UN helps southern Sudan clean up diseasecausing waste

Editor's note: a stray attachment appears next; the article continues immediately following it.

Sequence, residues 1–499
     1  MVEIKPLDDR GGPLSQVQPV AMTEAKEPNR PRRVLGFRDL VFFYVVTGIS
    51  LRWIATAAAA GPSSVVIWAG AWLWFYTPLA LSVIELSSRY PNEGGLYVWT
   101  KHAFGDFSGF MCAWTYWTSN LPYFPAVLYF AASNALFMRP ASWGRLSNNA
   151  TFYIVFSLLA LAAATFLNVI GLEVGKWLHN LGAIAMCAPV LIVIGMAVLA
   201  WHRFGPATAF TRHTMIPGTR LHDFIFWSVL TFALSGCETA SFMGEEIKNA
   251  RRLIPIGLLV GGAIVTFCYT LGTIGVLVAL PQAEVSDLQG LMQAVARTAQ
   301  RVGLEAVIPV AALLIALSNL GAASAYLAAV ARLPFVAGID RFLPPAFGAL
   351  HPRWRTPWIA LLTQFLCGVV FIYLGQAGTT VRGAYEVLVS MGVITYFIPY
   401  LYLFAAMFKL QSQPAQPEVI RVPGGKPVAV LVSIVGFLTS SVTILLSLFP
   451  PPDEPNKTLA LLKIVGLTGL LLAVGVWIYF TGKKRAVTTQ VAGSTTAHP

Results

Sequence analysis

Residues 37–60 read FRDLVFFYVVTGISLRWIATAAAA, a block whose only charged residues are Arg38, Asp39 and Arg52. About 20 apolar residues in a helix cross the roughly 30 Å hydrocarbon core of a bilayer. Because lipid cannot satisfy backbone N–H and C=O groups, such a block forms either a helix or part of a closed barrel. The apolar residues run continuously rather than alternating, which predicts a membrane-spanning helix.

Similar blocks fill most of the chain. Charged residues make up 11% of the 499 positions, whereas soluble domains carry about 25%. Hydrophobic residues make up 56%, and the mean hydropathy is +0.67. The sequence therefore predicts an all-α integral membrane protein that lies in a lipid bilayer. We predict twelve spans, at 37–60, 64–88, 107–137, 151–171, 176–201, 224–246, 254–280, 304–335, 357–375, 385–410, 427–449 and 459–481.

16 October 2009Some 16,000 volunteers will take to the streets of Juba, the capital of southern Sudan, next month in a United Nations programme to tackle health hazards caused by public dumping of waste in a rapidly growing metropolitan area that has endured repeated fatal outbreaks of cholera, water-borne diseases and malaria. The project is part of a £20 million United Kingdom-funded project to improve the sustainable use of natural resources in Africa’s largest country, to be carried out by the UN Environment Programme (UNEP) over the next three years. UK Minister of State for International Development Gareth Thomas was visiting Juba today to launch the segment that aims to establish long-term waste management capacity in Southern Sudan.“The Juba clean-up not only marks the beginning of an important project that will have concrete and positive impacts on the population of southern Sudan – it also takes forward UNEP’s collaboration with Sudan to improve environmental management as a critical pre-requisite of sustainable development,” UNEP Executive Director Achim Steiner said in Nairobi, Kenya.The clean-up, which will be replicated in the nine states of southern Sudan, will be coupled with a sustained awareness-raising campaign to encourage the citizens of Juba to adopt an environmentally friendly attitude towards the disposal of waste in the city. UNEP’s country-wide programme seeks to help the people of Sudan, a country ravaged by several current and recent conflicts, to achieve sustainable peace, recovery and development by improving the management of natural resources. The recently established UNEP office in Juba will also provide technical support to the Government to manage its forests and other valuable natural resources in a sustainable manner, and work to build the capacity of Government ministries to tackle environmental issues.After a peace agreement in 2005 ended two decades of war between the Government in Khartoum, in the north, and southern Sudanese rebels, UNEP conducted a post-conflict environmental assessment, making 85 recommendations and outlining a detailed $120- million action plan over three to five years.

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